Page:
He wasn't actually too worried before his presale opened, because he saw posts from lots of people who had been waitlisted and figured he was one of a relatively manageable number of people with access — plus he hoped that Ticketmaster had learned from its past mistakes.
"A lot of the Beyoncé fans ... were joking, like, 'Yeah let's just let the Swifties figure this out, so it'll be better by the time Beyoncé tickets come out,' " he said, referring to the Eras tour debacle.
James Barringer, a college senior, said he set the mood by listening to what he described Beyoncé's most iconic live performances, like those at the Super Bowl and the Video Music Awards. He entered the virtual waiting room at 2 p.m. around number 1,600 in line, and was able to get his tickets (for a New York show in July) by 2:20 p.m.
"So it only took 20 minutes, which was pretty amazing," he said. "But I had logged on quite early and was just sort of waiting around all afternoon, anxious to get tickets."
Barringer was cognizant of the pressure on Ticketmaster to deliver, calling Monday a big day both for Beyoncé fans and the company. And he hopes "the good times keep rolling for Ticketmaster," for everyone's sake.
"The BeyHive will rip the site down, like the BeyHive will get Congress to finally take action if action needs to be taken," he added.
Destinie Brooks, who is based in Chicago, says she's been researching social media threads by people who have managed to get high-demand concert tickets in the past, but she's also keeping her expectations low ahead of her presale date this weekend.
That said, she acknowledges that presale is a lottery — with no regard for how much Beyoncé merch or music she's bought in the past — and there's only so much she can do.
"So at this point I'm just remembering the tips, I'm mentally preparing to be in a certain headspace on Saturday like an hour before the tickets drop, and it's just nothing but prayers," she said. "Just prayers."
The case for why non-Bey fans should care
Sloane, the economics professor, says it's worth looking at the music industry through an economic lens even though it's relatively small in terms of its revenue and political influence. She cites two main reasons:
"One, kind of for the emotional presence that it has in our lives, it makes sense to explore it," she says. "But beyond that, a lot of what we see happening in the music industry does reflect what is happening in the economy writ large and also kind of leads the trends of what we're seeing in the greater economy."
Sloane says Ticketmaster has done good things for the industry, like creating the modern infrastructure for computerized ticketing and being the connector between fans and venues. But, like many, she says it lacks competitive incentives that would push it to improve things like technology and communications.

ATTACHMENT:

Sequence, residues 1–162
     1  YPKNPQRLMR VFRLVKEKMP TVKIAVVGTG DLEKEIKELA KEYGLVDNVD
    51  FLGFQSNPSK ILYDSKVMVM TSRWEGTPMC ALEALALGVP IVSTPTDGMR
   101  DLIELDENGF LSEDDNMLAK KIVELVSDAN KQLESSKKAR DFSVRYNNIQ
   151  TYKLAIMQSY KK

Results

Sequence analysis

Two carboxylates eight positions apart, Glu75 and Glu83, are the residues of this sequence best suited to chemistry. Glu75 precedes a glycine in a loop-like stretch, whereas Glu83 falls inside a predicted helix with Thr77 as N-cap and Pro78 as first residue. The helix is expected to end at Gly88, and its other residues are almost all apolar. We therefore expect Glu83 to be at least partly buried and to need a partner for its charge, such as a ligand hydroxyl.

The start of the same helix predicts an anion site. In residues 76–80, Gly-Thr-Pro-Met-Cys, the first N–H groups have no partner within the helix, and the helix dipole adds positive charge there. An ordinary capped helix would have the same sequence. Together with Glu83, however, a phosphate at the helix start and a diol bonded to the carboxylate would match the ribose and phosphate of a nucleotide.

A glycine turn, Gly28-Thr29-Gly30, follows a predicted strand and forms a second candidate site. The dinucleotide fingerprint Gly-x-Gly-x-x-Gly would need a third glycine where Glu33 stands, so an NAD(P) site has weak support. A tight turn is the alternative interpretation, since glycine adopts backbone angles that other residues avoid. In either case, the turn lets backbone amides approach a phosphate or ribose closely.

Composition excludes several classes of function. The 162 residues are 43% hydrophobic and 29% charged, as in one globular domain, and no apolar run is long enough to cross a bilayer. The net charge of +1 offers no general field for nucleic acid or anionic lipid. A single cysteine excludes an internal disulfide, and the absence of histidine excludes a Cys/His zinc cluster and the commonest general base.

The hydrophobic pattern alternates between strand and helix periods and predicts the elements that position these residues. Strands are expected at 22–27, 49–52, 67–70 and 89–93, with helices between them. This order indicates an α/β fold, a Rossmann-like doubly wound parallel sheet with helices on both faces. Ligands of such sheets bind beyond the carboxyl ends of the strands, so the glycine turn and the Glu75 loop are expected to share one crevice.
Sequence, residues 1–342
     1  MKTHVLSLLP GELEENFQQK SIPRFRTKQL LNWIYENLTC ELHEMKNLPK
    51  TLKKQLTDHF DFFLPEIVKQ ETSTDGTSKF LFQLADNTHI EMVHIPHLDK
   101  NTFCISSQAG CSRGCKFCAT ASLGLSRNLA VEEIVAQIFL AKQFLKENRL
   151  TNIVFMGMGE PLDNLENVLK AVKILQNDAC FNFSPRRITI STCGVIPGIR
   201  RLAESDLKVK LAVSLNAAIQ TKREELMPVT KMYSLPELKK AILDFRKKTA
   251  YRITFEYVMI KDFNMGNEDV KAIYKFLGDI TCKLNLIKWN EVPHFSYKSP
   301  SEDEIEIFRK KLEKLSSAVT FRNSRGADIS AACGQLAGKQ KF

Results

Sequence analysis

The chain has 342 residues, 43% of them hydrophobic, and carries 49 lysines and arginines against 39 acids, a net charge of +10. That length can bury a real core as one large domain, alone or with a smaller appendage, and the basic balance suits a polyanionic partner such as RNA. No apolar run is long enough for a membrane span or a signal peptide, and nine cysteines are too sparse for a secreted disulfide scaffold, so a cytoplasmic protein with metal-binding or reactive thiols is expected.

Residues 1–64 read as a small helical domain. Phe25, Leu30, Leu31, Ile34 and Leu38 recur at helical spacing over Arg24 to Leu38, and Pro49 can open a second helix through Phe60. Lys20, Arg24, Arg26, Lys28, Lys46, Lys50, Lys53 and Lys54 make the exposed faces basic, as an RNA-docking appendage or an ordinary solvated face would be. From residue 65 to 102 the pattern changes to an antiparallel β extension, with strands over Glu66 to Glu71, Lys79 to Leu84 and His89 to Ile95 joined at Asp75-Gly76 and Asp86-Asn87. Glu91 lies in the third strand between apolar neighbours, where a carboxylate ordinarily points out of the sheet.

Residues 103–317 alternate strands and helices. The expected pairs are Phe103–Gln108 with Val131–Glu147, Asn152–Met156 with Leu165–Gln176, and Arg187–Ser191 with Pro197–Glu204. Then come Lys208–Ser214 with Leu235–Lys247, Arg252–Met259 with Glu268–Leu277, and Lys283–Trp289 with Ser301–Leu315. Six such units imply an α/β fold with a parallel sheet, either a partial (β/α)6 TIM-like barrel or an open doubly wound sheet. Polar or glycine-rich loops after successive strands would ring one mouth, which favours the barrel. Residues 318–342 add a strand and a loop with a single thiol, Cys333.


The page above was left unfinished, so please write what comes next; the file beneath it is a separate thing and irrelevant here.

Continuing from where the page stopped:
Now — after botched sales, public pushback, reputational challenges and the threat of antitrust enforcement — she sees Ticketmaster taking action in real time, whether that's through staggering its presales or sending an executive to testify in front of Congress. Still, she says that's no substitute for competitive pressure.
"In the absence of that competitive pressure, you know, we might see some other unsavory activity in the future or not kind of fully efficient activity in the future," she says. "And so that's always going to kind of be a question. But this is not just hanging over Ticketmaster. And it's not just hanging over the live event space of the music industry. It's over every part of the music industry."
Sloane says every part of the music industry is "extremely consolidated," with the exception of music publishing, and she thinks that will continue to be an issue regardless of what happens with Ticketmaster.
Plus there's only so much Ticketmaster can do to meet the outrageous demand for certain concerts, which she says can be explained in part by years of demand pent up during the pandemic and the fact that younger consumers are increasingly experience-driven.
But even if getting tickets for big-name performances continues to be high stakes and high stress, Sloane says there's reason for hope.
"People should get out there and see shows that are not just stadium shows," she says. "There's a lot of great theater shows and local venue shows that you can get tickets for and have that experience of going to a great show and maybe discovering some new music. So in that sense, there's always going to be stuff to go to. It might just be more expensive to go to the top 1% of performer shows."
Juma Sei contributed reporting.